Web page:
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Interesting post, Stephen. But I hope you're not using the Low Income Cutoff Rate as your "Statistics Canada's poverty threshold for Quebec." That's a real pet peeve of mine — LICO doesn't measure poverty.

"Statistics Canada has clearly and consistently emphasized … that the LICOs are quite different from measures of poverty. They reflect a consistent and well-defined methodology that identifies those who are substantially worse off than the average."

One effect that hasn't been mentioned here, but I think is important is the REGIONAL effect of introducing a Citizen's Income. Citizen's income amounts to both a wage subsidy and an injection of purchasing power into poor areas. I reckon that makes its regional effects likely to be startling. Does anybody know of any evidence on this?

doesn't the conclusion high taxes are necessary place more importance on the labour supply issue? even if the incentives for getting work are more favorable, how many more people would choose to stay at home under CBI? Trying to raise more money to fund payments to a large non-working population has potentially vicious circle dynamics, if raising taxes causes the number choosing not to work to rise.

I'm pretty sure that if I could live reasonably comfortably without working, I'd choose to do that (I have lots of hobbies). My feeling is that very many other people would too. I don't choose that now, partly because UK unemployment benefits (job seeker allowances) are low, partly because they try to make you accept work/training or they'll withdraw payments, but mostly because of housing and savings. I have some savings, I have a mortgage, if I quit work I'd be ineligible for housing benefits. Talking of housing, when I see CBI debated in the UK, it's usually housing that comes up as the main problem. If CBI pays for housing costs in London, it would be insanely generous. If it doesn't pay for housing, then the state would still have to house the unemployed and they'd still face marginal benefits withdrawal when finding work.

if you're interested in UK writers on this, google stumbling mumbling and citizens basic income, he's written a fair bit on it.

Luis Enrique - that is why he thought raising VAT would be the tax change chosen.

doh!

These amounts are far from lavish, but the costs are surprisingly high.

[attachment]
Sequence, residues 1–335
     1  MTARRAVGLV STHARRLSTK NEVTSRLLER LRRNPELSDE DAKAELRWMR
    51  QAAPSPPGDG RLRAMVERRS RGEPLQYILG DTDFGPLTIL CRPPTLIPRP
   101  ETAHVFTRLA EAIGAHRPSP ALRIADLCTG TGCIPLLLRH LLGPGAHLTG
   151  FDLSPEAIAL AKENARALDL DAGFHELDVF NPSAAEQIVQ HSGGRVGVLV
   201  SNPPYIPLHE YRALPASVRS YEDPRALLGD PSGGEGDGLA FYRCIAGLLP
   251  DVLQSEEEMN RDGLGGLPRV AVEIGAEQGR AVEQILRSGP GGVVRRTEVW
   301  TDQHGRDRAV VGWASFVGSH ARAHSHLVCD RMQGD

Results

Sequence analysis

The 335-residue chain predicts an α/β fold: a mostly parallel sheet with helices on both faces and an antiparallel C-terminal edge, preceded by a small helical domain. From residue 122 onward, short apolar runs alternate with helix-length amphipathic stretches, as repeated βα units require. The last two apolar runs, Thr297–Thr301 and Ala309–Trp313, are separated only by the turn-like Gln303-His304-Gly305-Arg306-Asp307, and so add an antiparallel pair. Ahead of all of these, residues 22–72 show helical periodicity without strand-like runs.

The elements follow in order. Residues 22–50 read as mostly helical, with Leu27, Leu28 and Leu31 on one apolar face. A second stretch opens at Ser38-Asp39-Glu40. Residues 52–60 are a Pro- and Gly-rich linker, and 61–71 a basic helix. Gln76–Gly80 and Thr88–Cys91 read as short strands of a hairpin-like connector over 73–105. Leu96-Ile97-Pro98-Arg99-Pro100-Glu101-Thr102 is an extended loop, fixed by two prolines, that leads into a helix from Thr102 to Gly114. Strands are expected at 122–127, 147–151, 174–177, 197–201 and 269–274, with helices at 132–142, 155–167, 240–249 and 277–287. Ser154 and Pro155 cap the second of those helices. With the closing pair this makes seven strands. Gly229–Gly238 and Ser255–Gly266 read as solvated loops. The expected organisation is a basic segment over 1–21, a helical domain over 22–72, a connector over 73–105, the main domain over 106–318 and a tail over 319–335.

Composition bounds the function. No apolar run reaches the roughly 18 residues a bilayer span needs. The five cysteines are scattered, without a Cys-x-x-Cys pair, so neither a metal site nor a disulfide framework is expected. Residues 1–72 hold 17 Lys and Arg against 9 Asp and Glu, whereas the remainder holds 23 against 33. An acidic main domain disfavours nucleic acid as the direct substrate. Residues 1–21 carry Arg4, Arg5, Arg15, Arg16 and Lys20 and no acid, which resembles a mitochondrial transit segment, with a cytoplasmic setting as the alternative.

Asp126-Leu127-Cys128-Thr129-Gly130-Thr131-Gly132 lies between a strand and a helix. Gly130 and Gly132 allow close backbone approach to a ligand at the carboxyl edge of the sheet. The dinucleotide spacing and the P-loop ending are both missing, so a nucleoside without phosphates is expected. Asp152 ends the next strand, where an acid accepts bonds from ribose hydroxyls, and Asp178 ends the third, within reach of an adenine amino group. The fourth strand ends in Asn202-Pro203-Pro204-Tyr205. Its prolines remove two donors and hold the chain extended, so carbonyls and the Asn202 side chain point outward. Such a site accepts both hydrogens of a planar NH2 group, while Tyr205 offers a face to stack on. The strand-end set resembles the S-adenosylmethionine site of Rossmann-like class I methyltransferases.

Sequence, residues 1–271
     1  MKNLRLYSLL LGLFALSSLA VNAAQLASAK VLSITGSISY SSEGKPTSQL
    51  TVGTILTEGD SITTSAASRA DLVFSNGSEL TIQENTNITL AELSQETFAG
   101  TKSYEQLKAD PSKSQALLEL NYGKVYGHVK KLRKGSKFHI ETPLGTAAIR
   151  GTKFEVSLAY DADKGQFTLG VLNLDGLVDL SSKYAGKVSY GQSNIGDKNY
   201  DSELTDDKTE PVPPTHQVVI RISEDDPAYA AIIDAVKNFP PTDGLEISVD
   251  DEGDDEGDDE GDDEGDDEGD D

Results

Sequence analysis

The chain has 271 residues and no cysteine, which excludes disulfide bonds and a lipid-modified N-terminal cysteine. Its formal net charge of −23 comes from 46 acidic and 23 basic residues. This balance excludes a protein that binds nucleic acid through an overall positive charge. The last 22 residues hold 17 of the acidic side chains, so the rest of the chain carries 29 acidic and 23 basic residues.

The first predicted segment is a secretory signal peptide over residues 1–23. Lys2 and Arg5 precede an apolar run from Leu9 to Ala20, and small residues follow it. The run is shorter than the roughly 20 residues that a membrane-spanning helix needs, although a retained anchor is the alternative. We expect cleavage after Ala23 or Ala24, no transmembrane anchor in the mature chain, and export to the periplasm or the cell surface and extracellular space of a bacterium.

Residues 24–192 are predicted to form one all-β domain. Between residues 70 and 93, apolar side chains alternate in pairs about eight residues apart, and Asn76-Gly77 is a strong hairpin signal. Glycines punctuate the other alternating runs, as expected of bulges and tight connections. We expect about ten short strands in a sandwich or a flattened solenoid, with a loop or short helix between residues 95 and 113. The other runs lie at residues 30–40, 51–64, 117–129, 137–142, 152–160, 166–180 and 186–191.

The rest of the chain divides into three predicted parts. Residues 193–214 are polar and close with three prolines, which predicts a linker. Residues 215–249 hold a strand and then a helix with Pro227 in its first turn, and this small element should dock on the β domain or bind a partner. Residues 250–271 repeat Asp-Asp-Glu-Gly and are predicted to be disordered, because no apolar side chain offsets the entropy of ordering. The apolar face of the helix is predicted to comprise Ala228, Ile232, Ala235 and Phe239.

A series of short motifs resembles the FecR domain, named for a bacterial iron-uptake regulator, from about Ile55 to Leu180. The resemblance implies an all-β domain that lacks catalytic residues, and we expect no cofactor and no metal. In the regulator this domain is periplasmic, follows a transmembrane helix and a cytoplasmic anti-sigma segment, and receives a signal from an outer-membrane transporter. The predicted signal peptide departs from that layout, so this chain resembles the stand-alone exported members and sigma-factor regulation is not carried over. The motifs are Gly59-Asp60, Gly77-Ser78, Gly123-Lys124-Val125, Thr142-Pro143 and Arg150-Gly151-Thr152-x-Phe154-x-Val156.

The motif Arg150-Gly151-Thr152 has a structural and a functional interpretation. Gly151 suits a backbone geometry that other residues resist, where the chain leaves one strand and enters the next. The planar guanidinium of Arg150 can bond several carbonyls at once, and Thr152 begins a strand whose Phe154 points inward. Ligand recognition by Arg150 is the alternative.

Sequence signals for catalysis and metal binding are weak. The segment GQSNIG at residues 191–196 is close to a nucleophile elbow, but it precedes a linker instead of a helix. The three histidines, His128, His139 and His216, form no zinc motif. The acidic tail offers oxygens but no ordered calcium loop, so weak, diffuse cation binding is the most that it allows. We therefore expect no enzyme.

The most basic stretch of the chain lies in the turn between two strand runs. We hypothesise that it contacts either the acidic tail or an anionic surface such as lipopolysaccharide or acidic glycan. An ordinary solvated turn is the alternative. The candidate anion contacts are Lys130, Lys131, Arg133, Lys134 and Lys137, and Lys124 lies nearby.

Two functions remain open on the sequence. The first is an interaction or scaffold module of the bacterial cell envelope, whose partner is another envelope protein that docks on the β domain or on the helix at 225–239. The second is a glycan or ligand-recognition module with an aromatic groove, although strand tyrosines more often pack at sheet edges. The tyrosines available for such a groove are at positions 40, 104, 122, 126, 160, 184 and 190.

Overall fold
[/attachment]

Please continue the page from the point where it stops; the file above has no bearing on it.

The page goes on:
The costs may not be as high. Over at the Volunteer.ca, Mike Brock brought up an interesting point about how a GAI administered by Revenue Canada would lead to a reduction in government bureaucracy (ie. welfare, unemployment, old age security, etc. would no longer be needed). Those savings would reduce the costs considerably.

One concept a basic income would tie in very nicly is an offset flat tax. The idea there is that you are charged the same marginal rate on all income (from the 1st dollar on), but you are given a basic income as an offset, based on family size and possibly cost of living where you live. All of our current walfare, OAS, and measn tested benifits would be rolled into the basic income.
The key point of this is that at any income level there is always a consistant and releativly low marginal imapct of eraning your next dollar, so there never is a crushing dis-insetive to improve your income, while also significantly simplifiing the tax system.
The average tax rate would still be higly progressive, and with the correct values of rate and basic income woudl closly mimic the current tax structure.

As an example say the rate is 25%, and the basic income is $10,000. If you had 0 market income, you would have a net income of $10,000. If you had a marget income of $10,000, you would pay $2500 in tax, and recieve $10,000 back, resulting in $17,500. At $40,000 you would break even, at $100,000 you would pay $15,000 net in taxes, etc.
These numbers are just examples, i suspect the actual rate would be near 40% if you included provincial income tax, but the average tax rate would be much lower than that for most people.

I wonder what effect GAI might have on things like crime and health. Presumably it would improve outcomes and thus save the government money. Is there any work estimating what the effects might be?

If we are going to institute fair/efficient program like a like a basic income we might as well start off by funding it from fair/efficient taxes rather than raising the economically harmful ones we've already got.

A carbon tax of $200/tonne of carbon (about $56/tonne CO2 or $0.13/l gas) would raise about $31Bn/year on 550 million tonnes of annual CO2 emissions. That's about $1000/Canadian, including the 25% of the population that's children, so $1333/Canadian if you pay them nothing.  It's a start. We don't have to do it all at once.  There are other highly efficient possible sources of revenues.  Other ecotaxes like a land value tax come to mind.  To the extent that these taxes are welfare improving or, in the case of the land value tax, in principle 100% efficient, we'll get a big benefit from the overall scheme.